Freshest veggies aren’t necessarily in the produce aisle

These babies are full of lycopene, which can help decrease risks of cancer, heart disease and macular degeneration. And orange tomatoes are even better, with 2.5 times more lycopene. A cup of orange tomatoes offers 338 percent of your daily vitamin A needs. (Courtesy

Joan Jones,

WASHINGTON – The grocery store’s produce aisle is teeming with wholesome food, right? Maybe not.

A lot of time passes between when those veggies are picked and when they get to the dinner table.

“They cross the country on the truck (then) into the grocery store warehouse (and) from the grocery store into your refrigerator,” says Deborah Jeffery, a registered dietitian in Fairfax, Va.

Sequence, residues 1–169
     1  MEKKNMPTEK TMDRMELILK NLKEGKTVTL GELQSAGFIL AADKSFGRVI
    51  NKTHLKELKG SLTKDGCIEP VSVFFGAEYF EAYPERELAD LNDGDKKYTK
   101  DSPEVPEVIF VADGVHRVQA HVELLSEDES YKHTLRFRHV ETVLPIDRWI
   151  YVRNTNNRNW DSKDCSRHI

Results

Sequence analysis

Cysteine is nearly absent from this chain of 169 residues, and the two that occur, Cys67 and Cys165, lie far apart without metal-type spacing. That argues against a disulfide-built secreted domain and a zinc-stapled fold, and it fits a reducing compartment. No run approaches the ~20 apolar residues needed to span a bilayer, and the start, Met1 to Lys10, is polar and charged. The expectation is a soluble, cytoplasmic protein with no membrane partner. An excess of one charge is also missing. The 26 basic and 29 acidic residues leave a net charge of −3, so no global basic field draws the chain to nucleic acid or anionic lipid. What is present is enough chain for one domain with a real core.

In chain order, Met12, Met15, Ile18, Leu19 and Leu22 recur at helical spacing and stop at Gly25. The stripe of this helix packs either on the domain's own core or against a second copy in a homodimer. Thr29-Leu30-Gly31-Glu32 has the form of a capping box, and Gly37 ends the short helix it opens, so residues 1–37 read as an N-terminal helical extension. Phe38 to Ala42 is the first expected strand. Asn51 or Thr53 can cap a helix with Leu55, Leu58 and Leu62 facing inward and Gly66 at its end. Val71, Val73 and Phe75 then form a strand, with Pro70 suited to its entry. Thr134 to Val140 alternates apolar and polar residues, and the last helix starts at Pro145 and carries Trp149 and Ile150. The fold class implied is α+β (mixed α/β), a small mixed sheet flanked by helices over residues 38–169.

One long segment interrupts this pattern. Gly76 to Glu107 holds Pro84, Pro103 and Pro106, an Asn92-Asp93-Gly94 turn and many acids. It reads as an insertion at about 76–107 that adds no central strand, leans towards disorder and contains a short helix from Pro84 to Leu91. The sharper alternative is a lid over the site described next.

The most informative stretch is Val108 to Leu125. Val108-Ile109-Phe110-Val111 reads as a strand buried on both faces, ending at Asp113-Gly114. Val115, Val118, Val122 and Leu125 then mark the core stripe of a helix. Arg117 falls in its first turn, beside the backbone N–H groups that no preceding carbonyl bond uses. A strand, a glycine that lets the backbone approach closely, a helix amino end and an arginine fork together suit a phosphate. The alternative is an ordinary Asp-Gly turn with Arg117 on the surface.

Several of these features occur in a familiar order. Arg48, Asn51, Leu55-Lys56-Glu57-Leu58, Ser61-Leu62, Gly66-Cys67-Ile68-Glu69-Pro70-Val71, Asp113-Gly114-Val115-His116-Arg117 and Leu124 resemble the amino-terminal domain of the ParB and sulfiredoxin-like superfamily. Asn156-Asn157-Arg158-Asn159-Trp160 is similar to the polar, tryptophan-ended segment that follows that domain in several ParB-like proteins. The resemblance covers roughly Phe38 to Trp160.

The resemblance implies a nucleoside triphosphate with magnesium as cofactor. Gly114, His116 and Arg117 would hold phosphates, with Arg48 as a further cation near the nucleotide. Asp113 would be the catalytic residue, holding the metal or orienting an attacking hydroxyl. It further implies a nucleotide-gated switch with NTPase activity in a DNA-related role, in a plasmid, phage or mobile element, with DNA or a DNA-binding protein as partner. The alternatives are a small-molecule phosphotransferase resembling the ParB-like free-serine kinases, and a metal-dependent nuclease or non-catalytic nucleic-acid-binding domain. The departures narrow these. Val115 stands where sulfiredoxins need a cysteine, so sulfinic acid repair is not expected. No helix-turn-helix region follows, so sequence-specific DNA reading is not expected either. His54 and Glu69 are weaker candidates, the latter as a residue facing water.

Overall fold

According to Jeffery, once on the truck, fresh foods are exposed to extreme heat and that releases Vitamins A and C. If farmers want produce on store shelves at their peak, they must harvest them before they’re actually ripe, meaning some nutrients aren’t fully developed.

There’s more nutritional value, Jeffery says, from flash frozen items. Canned produce is good too, as long as it’s free of added salt and sugar.

“What’s great about this area during this time of year is the farmers market,” Jeffery says.

The produce is often picked earlier that same day.

For the freshest produce, fruit and veggie lovers should grow it themselves. For some vegetables, June isn’t too late to start.

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